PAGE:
A comprehensive collection of writings from the Canadian eco-anarchist group Direct Action. Includes retrospective interviews, communiques from attacks by the group, theoretical essays, and prison writings.
War on Patriarchy, War on the Death Technology: The Collected Statements, Writings, and Communiques of Direct Action and the Wimmin’s Fire Brigade
Thanks to everyone who has written about our zines being inaccessible due to zinelibrary’s non-existence. We are working on redesigning all of our older publications (which were designed when we had zero layout skills) so they are more paper-efficient, neater, and easier to read.
We will upload the redesigned zines directly to this site as we finish them. We are, of course, very busy with non-publishing projects, so this may take a short while. We apologize for the inconvenience and are very happy comrades are interested in distributing the publications we create.
We have an array of new publications planned for the next few months and we are excited to share them.
A collection of histories, speeches, and interviews with members of The George Jackson Brigade and Men Against Sexism. These stories give inspiration for the multiform queer struggle against prison, capitalism, and the state.
I hate the fucking Pope, and I hate John fucking Cardinal fucking O’Connor, and I hate the whole fucking Catholic Church. The same goes for the Military, and especially for Amerika’s Law Enforcement Officials – the cops – state sanctioned sadists who brutalize street transvestites, prostitutes and queer prisoners. I also hate the medical and mental health establishments, particularly the psychiatrist who convinced me not to have sex with men for three years until we (meaning he) could make me bisexual rather than queer. I also hate the education profession, for its share in driving thousands of queer teens to suicide every year. I hate the “respectable” art world, and the entertainment industry, and the mainstream media, especially The New York Times. In fact, I hate every sector of the straight establishment in this country – the worst of whom actively want all queers dead, the best of whom never stick their necks out to keep us alive.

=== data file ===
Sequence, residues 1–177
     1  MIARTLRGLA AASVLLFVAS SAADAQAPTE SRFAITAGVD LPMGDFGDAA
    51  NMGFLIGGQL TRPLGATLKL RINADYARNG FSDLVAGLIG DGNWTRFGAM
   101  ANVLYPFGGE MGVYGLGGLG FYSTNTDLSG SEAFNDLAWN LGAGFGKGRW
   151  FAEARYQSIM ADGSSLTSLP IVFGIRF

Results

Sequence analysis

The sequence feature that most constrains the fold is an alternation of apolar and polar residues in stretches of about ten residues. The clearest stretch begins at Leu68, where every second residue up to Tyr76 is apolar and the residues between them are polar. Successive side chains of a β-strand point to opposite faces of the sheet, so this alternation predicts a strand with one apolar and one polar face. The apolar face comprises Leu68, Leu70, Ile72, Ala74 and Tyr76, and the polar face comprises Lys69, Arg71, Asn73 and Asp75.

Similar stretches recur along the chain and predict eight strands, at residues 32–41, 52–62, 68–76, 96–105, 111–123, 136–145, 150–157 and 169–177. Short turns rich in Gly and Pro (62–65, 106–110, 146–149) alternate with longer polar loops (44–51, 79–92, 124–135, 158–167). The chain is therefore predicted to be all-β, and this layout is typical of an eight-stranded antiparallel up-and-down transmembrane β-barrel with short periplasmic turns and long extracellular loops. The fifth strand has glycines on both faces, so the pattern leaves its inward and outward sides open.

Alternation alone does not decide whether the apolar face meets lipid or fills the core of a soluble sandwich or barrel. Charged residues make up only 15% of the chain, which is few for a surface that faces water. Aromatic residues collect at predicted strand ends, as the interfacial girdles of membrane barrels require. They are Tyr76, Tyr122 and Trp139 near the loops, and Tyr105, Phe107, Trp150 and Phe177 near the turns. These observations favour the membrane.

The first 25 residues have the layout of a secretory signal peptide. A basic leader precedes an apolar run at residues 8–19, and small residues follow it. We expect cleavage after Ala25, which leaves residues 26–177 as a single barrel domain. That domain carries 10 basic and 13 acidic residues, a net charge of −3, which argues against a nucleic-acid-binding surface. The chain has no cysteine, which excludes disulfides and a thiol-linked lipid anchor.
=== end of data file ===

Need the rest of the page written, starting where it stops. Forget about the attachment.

In a lot of ways, AIDS activists are like those doctors out there: they’re so busy putting out fires and taking care of people on respirators that they don’t have the time to take care of all the sick people. We’re so busy putting out fires right now that we don’t have the time to talk to each other and strategize and plan for the next wave, and the next day, and next month, and the next week, and the next year.
And we’re going to have to find the time to do that in the next few months. And we have to commit ourselves to doing that. And then, after we kick the shit out of this disease, we’re all going to be alive to kick the shit out of this system, so that this never happens again.
We can no longer stand by idly while we are robbed of our mouths, our anuses, our sexual members, our guts, our veins… just so they can turn them into parts for their ignominious machine which produces capital, exploitation, and the family. . .We can no longer stand by idly while they control, regulate, and occupy our mucous membranes, the pores of our skin, the entire sentient surface of our body. . .We can no longer stand by idly while they use our nervous system as a relay in the system of capitalist, federal, patriarchal exploitation, nor while they use our brain as a means of punishment programmed by ambient power. . .We can no longer not “come” or hold back our shit, our saliva, our energy according to their laws with their minor, tolerated infractions. We want to explode the frigid, inhibited, mortified body that capitalism wants so desperately to make out of our living body.
First appearing 325 Magazine, this interview with Jean Weir (of Insurrection magazine and Elephant Editions) features a critical and humble reflection on prison, insurrection, and anarchist publishing. We reformatted this for distribution as a small contribution to insurrection and as a continuation of the anarchist publishing world Weir has contributed to so significantly.